A short case study in the shift from manual to automation is a good reminder of where we came from and where we are going in technology. It can also provide for us a blueprint of what might be ahead.
While most everything is automated today, it’s important to drive home the message that automation is the keystone through which a company can enter into profit. Automating with the right partner (and the right systems) will enable a cost-effective solution and allow your firm to virtually print money by pushing a button. Using the example of the optoelectronic boom of the late 90's and early 2000's, specifically the power amplifier supply/demand issue, will help explain the migration from a manual to an automated process.
Power Amplifier Supply and Demand is around us every day. Although most people will never "see" a power amplifier, all mobile cell phones and other smart devices are routed through them. Also referred to as "power transistors", these devices are usually no larger than a penny (and are getting smaller). Their purpose is to amplify the microwave radio transmission of voice and data to provide enough radio strength to cover a geographic area. They reside on circuit boards located in the base stations near every cell antenna. They essentially enable voice and data transmissions to mobile handsets.
Even with technology significantly more advanced than it was 5 years ago, cell phone users are still "dropped" in certain areas. Any cell phone user can testify to the frustration that this causes. This frustration turns into greater demand for more communication transmission stations (as shown to the left). An obvious correlation to demand for power amplifiers is the demand for wireless connectivity, which in turn is the demand for mobile devices. With consumers' seemingly endless demand for more and more features (video, music, streaming internet) on their mobile devices, the power amplifier is in for a long bull market.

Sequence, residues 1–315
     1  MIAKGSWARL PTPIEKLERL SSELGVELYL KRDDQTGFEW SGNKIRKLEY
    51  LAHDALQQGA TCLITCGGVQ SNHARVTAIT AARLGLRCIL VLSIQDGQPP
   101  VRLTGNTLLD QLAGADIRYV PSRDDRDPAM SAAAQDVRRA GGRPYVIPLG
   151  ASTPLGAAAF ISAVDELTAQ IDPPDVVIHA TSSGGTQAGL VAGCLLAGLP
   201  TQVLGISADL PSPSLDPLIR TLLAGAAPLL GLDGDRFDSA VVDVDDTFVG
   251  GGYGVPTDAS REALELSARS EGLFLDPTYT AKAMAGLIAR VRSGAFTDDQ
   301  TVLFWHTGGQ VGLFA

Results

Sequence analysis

Ten years ago the wireless connectivity market was growing at breath-taking speed. Well established broadband infrastructure providers such as Ericsson and Motorola manufactured most of these units (power amplifiers) but struggled to keep up with demand. To meet the supply need, silicon-wafer based manufacturing houses were contracted to provide supply. These small firms were most often small manufacturing houses equipped for short run, manual production processes. Not surprisingly, with manual processes, they were stretched to the hilt to meet the high performance requirements (of the above-stated established firms) while also fighting to stay above water in the rigorous world of high-volume production and efficiency. These combined factors forced them to consider automation.
Automation in power amplifier packaging was nothing new. Before this "boom" time it simply was never a direct need of everyday consumer technology. Automation for this technology was primarily used in the defense and aerospace industry.
So what lies ahead? Communities not audiences, digital not analog, wireless not wires, small and even smaller power amplifiers.
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Marketing & Communications Manager
Palomar Technologies, Inc.